January 2017

Digital edition
Checking the process and outcomes boxes only goes so far. To improve health care quality in a sustainable way, some experts argue, it’s vital to look at the structure of care delivery.
After 25 years, the Healthcare Effectiveness Data and Information Set (HEDIS) is still criticized for focusing on process and taking up doctors’ time. But it has been incorporated into physicians’ workflow and may yet be instrumental in bringing about value-based care.
The health system is entering uncharted territory with this approach, and new rules might be needed to ensure the studies are credible.
Most insurers are wary about any data that comes from outside their plan and whether RWE can take root in non-integrated plans is an open question.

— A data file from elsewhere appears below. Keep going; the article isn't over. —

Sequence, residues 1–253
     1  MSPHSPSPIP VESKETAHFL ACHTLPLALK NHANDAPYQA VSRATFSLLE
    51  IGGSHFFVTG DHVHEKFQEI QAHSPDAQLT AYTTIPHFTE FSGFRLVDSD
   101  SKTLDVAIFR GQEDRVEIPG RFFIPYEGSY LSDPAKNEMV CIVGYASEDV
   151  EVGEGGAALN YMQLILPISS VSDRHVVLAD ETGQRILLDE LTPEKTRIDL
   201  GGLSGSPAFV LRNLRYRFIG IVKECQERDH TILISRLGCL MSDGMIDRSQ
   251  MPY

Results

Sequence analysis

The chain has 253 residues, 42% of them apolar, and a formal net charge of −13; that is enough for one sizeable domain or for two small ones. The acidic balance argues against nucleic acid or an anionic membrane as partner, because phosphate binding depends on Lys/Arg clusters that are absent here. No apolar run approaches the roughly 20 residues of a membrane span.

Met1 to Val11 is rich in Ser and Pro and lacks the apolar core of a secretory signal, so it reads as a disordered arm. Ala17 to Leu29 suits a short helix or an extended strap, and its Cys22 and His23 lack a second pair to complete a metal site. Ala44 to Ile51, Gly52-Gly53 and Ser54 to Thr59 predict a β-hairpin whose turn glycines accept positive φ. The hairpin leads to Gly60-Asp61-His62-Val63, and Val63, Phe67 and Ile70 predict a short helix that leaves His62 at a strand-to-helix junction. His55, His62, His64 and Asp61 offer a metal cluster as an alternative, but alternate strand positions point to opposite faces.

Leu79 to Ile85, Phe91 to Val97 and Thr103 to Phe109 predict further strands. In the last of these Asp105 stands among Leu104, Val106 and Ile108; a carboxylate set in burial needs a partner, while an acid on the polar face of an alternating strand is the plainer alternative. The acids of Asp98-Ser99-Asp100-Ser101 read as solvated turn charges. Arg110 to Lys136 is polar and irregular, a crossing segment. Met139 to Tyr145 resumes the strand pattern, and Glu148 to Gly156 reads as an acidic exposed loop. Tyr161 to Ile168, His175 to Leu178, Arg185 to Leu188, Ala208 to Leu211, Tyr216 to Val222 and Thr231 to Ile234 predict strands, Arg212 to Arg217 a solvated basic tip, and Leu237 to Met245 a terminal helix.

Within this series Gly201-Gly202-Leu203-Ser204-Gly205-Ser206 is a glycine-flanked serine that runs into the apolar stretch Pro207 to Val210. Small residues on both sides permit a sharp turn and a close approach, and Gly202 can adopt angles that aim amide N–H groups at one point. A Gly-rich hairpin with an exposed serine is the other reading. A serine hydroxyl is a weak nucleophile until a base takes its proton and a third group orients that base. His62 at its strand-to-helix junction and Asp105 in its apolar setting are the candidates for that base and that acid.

Requiring some patients with chronic conditions to try and fail multiple medications leads to complications and drives up costs, say many physicians. Insurers answer that the trial-and-error approach can be an important way to rein in costs.
The challenges include not overburdening physicians and fitting into an increasingly complex, multilayered informatics ecosystem. Artificial intelligence is a work in progress, but early adopters of gamification could get ahead of their competition.


Value-Based Tools
Outcomes-based contracting for drugs is ready for the mainstream. Before they jump in, insurers and pharma need to solve data puzzles and outcomes conundrums.
Neither providers nor health plans have had an incentive to manage post-acute care. That’s changing. Metrics and predictive analytics can help.
The new Merck drug could help stem the tide of hypervirulent C. difficile, but it’s expected to be expensive.